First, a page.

Sarah Champion: Act now to save steel industry before it is too late

Members of Community Trade Union erect a banner outside the steelworks in Port Talbot, where Business Secretary Sajid Javid will make a second visit to meet managers and workers' representatives.
Members of Community Trade Union erect a banner outside the steelworks in Port Talbot, where Business Secretary Sajid Javid will make a second visit to meet managers and workers' representatives.
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WITHOUT Government intervention, Yorkshire’s steel industry will be lost.

Anna Soubry, Minister for Industry and Enterprise, made her second visit to Rotherham this week to discuss our steel mills. 

As she was taken around the site, you could see the realisation dawning that rather than being the dying industry the media and “experts” try to portray, our specialist steel is actually a very viable, flourishing business with a global order book. 

To give you some context; every plane that flies has steel from Rotherham or neighbouring Stocksbridge in it and we are the world leader in steel alloy manufacture.

The first time Ms Soubry was here was six months previously for the Steel Summit to address how Government could support the industry against the global challenges it faces.

With the Secretary of State for Business, Sajid Javid, she met with MPs, unions, Tata Steel and UK Steel to find a way to safeguard the industry.  At the end of the summit we had four key things the Government needed to address to enable the industry to survive:

1. The cost of business rates.

2. A need to address the high energy prices heavy industry are forced to pay. This is subsidised in other EU countries and is one of the biggest expense for our steel.

3. The use of tariffs on imports, specifically, though not exclusively, in relation to Chinese steel which is hugely subsidised and often poor quality. Again, other European Countries take this approach.

4. A commitment to procure British steel for Government funding infrastructure and defence projects.

It has always been particularly painful when we hear of our Navy vessels being made of Swedish steel and the wind turbines offshore from Hull not using the steel manufactured just a few miles away.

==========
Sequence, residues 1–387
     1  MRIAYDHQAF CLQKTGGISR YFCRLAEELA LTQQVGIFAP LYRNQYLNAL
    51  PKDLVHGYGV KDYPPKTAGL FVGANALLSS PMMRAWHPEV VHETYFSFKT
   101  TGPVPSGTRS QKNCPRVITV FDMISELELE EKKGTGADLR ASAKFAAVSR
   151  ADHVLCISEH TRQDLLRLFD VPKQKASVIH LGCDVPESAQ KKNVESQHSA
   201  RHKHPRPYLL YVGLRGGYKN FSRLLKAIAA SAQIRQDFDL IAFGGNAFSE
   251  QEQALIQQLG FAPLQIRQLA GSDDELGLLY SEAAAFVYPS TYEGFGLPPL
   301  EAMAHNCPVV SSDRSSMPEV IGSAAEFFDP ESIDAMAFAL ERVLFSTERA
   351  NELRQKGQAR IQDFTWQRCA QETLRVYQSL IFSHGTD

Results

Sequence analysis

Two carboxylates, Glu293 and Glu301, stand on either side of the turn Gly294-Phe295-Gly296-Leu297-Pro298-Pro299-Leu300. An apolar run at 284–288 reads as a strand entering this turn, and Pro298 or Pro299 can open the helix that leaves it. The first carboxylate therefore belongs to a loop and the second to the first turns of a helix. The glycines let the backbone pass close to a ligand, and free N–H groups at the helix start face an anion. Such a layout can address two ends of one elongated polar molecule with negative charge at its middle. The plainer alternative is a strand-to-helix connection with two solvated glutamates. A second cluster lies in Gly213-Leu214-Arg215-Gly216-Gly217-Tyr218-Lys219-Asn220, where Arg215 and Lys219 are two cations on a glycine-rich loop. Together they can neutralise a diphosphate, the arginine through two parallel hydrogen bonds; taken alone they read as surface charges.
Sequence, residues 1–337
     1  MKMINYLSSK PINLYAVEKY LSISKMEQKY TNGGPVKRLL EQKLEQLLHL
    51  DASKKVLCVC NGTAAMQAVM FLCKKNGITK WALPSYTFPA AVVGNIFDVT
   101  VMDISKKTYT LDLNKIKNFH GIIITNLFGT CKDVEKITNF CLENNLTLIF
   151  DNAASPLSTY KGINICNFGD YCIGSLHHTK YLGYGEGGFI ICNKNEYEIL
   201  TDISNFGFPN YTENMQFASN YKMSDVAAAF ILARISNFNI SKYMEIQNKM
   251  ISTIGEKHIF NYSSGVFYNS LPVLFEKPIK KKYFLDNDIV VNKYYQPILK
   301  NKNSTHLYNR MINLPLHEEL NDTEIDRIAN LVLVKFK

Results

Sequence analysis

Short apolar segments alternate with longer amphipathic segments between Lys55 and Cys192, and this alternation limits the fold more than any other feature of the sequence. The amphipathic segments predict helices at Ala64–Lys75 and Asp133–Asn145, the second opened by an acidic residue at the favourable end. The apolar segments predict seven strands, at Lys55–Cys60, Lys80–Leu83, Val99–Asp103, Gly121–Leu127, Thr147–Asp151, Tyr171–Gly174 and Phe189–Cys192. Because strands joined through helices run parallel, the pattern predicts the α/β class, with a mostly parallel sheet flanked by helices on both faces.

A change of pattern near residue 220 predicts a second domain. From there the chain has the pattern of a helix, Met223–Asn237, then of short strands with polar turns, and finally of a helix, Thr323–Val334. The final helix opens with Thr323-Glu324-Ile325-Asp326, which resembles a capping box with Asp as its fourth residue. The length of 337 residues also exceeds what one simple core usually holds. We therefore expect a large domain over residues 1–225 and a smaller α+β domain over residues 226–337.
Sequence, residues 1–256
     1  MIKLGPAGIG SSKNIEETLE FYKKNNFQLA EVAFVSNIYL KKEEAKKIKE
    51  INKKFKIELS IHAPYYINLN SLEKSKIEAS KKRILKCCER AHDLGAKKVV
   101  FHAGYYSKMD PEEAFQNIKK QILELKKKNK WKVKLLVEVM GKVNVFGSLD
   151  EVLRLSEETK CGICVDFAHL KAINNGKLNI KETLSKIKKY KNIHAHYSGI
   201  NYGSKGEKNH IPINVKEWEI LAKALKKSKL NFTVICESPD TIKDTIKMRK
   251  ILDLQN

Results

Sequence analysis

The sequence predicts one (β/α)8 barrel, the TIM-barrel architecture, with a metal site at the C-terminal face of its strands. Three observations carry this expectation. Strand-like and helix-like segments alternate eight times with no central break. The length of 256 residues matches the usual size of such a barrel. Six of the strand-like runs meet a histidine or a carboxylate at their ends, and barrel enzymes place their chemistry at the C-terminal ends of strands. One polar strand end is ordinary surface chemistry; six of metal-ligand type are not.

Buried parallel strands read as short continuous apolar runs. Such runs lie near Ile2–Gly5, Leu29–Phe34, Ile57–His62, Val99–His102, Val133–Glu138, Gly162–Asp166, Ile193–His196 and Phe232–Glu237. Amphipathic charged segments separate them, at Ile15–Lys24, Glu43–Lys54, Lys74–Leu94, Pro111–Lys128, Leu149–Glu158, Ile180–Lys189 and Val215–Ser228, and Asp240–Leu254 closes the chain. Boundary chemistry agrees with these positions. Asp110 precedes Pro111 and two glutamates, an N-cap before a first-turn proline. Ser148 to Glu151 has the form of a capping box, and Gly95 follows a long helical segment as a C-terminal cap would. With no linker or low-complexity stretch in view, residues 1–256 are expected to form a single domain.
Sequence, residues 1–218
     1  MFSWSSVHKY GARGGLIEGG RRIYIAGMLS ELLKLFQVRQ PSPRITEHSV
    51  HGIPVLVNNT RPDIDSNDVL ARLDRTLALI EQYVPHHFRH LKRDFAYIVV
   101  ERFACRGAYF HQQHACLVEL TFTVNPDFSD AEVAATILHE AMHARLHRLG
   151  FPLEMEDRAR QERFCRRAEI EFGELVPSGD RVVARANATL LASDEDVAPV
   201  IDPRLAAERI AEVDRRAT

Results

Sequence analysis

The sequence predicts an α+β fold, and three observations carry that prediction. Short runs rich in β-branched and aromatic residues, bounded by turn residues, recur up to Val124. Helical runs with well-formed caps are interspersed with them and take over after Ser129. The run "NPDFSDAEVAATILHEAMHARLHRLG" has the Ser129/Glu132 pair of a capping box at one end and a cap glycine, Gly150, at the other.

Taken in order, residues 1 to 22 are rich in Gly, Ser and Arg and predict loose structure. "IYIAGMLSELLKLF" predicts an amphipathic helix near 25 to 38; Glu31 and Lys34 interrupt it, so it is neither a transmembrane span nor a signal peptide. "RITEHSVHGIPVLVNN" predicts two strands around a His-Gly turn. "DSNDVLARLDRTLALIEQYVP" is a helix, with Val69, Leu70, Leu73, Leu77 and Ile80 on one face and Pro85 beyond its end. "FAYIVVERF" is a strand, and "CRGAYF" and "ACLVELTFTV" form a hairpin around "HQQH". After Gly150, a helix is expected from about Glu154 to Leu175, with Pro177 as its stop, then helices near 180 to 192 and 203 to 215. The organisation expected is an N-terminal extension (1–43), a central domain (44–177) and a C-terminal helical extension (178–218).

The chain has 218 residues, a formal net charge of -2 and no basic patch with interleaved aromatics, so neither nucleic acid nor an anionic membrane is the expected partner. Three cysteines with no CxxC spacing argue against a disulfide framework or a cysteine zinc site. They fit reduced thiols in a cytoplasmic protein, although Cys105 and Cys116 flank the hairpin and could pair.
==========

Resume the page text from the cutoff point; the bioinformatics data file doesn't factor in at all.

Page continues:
Looking to the future, we are commissioning two aircraft carriers and HS2 – that is certainly a lot of steel!  

Following the summit, the Ministers gave us assurances that they were taking our requests seriously and would act with the uttermost haste.

Had those promises been true and our recommendations acted upon, we would not now
be discussing ways to prevent
the steel industry being lost forever.

On Sunday, Mr Javid said the decision by Tata’s board in Mumbai to sell Tata UK was “unexpected”. 

I found this comment offensive.

How can it possibly be unexpected when for years Labour MPs have been holding debates in Parliament to show just these consequences if the Government didn’t act?

Let’s be honest about this, Mr Javid’s position has always been an ideological one – leave everything to the market. 

But what he fails to understand is that he has been forcing the UK steel industry to compete with both hands tied behind its back. 

China’s steel is state-run and massively subsidised, most European companies have heavily reduced energy costs for industry and the US has substantial tariff rates on imported steel, including steel from the UK. 

All we have ever asked the Government to do is level the playing field, then we will be able to compete effectively in the market.

While I’m pleased the Minister for Industry now understands what we actually manufacture in Yorkshire (an unkind soul would say she should have known this already), what concerns me is what will happen next. 

Tata has confirmed that the sale process will start on Monday and we have been told that they are looking for a sale within six weeks.  

This seems unrealistic to me, particularly if we are looking for a responsible buyer rather than someone planning to simply asset-strip.

If this timetable is fixed, what will the Government do to support the industry in the short term if Tata pulls the plug before a buyer is found?

The other big question is this: will Tata sell parts of the business 
or does it want to sell it as a whole?

The only buyer on the table as I write is Liberty Steel.

How seriously we should take that interest when the owner, Sanjeev Gupta, admitted his takeover plans had been written “on the back of an envelope” is yet to be confirmed?

Going forward we need to be given assurances that the Government does have a
long-term strategy for steel and will also intervene in the short-term. 

These acts would give confidence to the market and give a breathing space so we have enough time to find a buyer who is committed to making sure the industry flourishes.  

The Government also needs to realise that the four actions raised six months ago at the
steel summit still need to be acted upon. If they are not, all that will change is the owner,
 not the fundamental issues 
that have brought us to this point.

The time for warm words
 from the Government is over. 
We need fast, dramatic intervention from them or 
our steel industry will be lost forever.

Sarah Champion is the Labour MP for Rotherham.